Optimizing population health management

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Terri Maxwell, PhD, APRN
Terri Maxwell, PhD, APRN

As the healthcare industry strives to achieve the Triple Aim, those organizations and coalitions who are holding themselves accountable for the most seriously ill patients undoubtedly face some of the most prodigious challenges. This fragile population, which represents a growing portion of the Medicare population and overall program expenditures, is a source of continuous discussion and growing concern. About 5% of the population — those most frail or ill — accounts for nearly half the spending in a given year.

For executive leaders in the long-term care and related industries, the emphasis continues to be on ways to deliver excellent care and improve health for these individuals, at lower total cost. Many now recognize the value of a Population Health Management approach to shift the focus from care provided and paid for at an individual level to managing and paying for health care services for a discrete or defined population – such as the members of a health plan.

Defining PHM

PHM includes collecting and analyzing member data and managing specific diseases within that population. But these activities are only part of the definition. Broadly defined, PHM is a discipline within the healthcare industry that studies and facilitates care delivery across the general population or a group of individuals. It emphasizes empowering providers and payers (care managers) with information about their patients/members to help improve care and clinical outcomes.

A key component of PHM and will be a priority in the delivery of value-based care going forward is sophisticated predictive analytics. These analytic approaches are key to identifying those high-risk members with advanced illnesses who would benefit from additional services who might otherwise go undetected by traditional means.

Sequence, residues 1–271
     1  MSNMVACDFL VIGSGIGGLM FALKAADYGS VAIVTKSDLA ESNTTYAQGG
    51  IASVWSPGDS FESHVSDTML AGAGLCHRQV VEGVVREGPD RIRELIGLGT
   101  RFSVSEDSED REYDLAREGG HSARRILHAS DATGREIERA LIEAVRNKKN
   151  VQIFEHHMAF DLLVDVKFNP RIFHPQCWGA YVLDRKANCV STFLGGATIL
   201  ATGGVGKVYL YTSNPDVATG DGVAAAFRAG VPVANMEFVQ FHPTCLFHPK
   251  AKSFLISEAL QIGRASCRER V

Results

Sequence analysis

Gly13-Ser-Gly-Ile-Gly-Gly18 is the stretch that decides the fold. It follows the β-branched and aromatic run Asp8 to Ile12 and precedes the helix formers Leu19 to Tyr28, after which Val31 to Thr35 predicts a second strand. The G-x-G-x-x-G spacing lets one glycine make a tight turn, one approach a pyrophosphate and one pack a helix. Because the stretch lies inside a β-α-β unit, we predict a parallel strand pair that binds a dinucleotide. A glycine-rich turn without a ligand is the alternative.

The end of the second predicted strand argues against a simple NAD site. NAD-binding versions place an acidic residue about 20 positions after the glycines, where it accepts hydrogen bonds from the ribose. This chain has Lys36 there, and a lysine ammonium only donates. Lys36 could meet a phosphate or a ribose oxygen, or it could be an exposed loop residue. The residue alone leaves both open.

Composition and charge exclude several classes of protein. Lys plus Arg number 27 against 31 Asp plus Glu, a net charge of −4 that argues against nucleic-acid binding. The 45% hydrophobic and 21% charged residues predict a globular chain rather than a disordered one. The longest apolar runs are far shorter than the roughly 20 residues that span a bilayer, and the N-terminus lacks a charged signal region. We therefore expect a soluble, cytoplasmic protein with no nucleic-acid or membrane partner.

This is far more than data gathering, with some PHM solutions capable of “predicting” which patients are more likely to experience hospitalization, readmissions, ICU days or other interventions.  

Making data actionable

Caveat emptor: A number of PHM "solutions" are little more than sophisticated data gathering systems. However, to effectively impact care for those individuals who are identified as the sickest members of a health plan, payers need more than access to the data.

Successful models require both data and clinically driven approaches. Without the proper infrastructure, staffing and resources to intervene when something is predicted to happen, the potential of utilizing patient data will fall short. To achieve goals, analytics must be combined with evidence, clinical protocols and patient outcomes.

Community-based palliative care

Implementation of community-based palliative care to improve outcomes for the seriously ill is one of the most productive opportunities to make data and predictive analytics actionable. New, innovative models now available from niche companies are able to deploy an interdisciplinary team of highly skilled, palliative care nurses and social workers in the patient's home to review and manage symptoms, address gaps in care, establish goals of care and develop care plans in conjunction with the treating physician.